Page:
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Revis(it)ing personal, theoretical and national histories: A critical review-essay of Encountering Modernity: Twentieth Century South African Cinemas with an interview with Keyan G. Tomaselli

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Keyan G. Tomaselli's book Encountering Modernity: Twentieth Century South African Cinemas (Rozenberg UNISA Press, 2006) is an effective and incisive summary of the various theories, ideas and analytical frames that have characterized how Tomaselli has continued to approach the study of South African cinemas throughout a period of 25 years. Not content to merely provide readers with a collection of previously published writings, Tomaselli has extensively revised and reworked the essays and book chapters contained in this collection as a means to (re)write South Africa into modernity and provide South African cinema with a history, resulting in a theoretical undertaking that is part intellectual autobiography and part critical attempt to frame South African cinemas in African historical, narrative and theoretical terms. It is indeed within these lines blurring the conceptual and epistemological tension between the concepts of historicity, modernity and autobiography if not subjectivity that we formulate our critical analysis of this review-essay. This review-essay includes two main sections. First, we critically look at the ways in which Tomaselli writes and rewrites theoretical articulation making possible his analyses of South African cinema. Second, we engage in a short dialogue with him, asking him to clarify some of the conceptual tensions we found in his book.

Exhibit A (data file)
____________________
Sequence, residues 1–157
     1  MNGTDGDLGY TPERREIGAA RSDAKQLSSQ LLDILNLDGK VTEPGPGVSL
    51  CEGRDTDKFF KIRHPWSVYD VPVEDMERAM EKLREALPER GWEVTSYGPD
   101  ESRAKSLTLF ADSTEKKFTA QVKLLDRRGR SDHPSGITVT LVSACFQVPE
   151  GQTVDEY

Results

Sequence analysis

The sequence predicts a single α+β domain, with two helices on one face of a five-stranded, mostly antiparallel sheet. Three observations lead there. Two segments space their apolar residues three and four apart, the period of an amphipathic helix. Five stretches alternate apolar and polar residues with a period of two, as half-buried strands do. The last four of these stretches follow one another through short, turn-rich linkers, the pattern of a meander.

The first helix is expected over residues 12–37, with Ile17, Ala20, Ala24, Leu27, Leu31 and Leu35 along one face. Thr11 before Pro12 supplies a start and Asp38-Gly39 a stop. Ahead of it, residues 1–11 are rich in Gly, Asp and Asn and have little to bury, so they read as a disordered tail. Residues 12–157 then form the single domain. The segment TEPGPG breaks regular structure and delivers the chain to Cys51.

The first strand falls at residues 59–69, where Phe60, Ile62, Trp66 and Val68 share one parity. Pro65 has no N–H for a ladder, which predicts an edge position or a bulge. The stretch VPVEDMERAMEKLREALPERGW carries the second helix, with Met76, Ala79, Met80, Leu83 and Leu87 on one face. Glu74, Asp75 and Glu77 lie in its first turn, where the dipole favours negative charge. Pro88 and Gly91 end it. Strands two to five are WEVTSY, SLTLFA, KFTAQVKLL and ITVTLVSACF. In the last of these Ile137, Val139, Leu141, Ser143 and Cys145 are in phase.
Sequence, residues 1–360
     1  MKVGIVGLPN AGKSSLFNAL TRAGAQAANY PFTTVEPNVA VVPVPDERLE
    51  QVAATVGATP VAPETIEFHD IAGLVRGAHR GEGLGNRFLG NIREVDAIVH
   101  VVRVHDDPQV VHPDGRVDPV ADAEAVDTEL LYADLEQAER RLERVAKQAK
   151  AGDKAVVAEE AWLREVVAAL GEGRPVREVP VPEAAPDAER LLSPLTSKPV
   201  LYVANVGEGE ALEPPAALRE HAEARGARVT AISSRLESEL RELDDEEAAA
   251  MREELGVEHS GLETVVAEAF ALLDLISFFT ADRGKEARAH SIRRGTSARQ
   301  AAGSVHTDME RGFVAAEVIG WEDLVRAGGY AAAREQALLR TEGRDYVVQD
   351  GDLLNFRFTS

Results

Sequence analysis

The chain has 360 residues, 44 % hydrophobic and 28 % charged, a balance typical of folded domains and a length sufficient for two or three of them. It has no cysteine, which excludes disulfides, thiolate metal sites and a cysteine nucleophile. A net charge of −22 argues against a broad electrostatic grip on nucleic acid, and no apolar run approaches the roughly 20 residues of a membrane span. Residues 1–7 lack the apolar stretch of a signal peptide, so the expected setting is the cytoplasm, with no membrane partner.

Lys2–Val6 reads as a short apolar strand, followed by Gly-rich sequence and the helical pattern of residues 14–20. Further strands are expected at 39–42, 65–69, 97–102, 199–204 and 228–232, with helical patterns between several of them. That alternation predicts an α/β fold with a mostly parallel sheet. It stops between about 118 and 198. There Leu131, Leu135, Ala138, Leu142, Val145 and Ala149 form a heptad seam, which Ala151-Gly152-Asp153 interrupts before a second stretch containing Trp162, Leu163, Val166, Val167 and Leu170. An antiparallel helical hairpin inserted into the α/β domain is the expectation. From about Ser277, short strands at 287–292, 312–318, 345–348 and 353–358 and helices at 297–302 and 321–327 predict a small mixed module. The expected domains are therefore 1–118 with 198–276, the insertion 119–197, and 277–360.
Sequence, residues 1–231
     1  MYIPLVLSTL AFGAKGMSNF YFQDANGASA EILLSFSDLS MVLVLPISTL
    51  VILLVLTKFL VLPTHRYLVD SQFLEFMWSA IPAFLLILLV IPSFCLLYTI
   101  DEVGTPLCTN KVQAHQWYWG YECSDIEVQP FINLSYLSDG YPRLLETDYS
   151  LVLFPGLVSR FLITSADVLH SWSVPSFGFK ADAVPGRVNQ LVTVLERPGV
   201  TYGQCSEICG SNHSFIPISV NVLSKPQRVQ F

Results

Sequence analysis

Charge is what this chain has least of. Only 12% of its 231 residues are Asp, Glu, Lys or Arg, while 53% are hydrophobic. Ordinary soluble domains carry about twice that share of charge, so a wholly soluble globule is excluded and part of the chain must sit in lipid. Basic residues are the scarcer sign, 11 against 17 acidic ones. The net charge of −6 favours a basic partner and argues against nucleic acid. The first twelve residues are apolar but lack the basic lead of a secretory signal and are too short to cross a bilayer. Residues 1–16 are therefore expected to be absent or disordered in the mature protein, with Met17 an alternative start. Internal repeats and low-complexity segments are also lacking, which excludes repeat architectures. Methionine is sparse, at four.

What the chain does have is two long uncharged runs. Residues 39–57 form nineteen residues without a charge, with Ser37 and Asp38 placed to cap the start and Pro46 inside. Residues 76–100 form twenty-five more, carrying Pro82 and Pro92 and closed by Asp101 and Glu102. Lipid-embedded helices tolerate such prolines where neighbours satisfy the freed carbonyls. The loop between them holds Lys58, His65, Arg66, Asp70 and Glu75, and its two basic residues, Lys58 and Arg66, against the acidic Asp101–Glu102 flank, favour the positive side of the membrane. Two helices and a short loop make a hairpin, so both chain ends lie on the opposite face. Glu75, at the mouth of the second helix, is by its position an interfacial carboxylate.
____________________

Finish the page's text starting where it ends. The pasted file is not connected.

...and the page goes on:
Keywords: South African cinema; South African history; discourse; historiography and modernity; ideology; representation

Document Type: Research Article


Affiliations: 1: University of Ottawa. 2: Carleton University.

Publication date: December 1, 2010

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  • The Journal of African Cinemas will explore the interactions of visual and verbal narratives in African film. It recognizes the shifting paradigms that have defined and continue to define African cinemas. Identity and perception are interrogated in relation to their positions within diverse African film languages. The editors are seeking papers that expound on the identity or identities of Africa and its peoples represented in film. 
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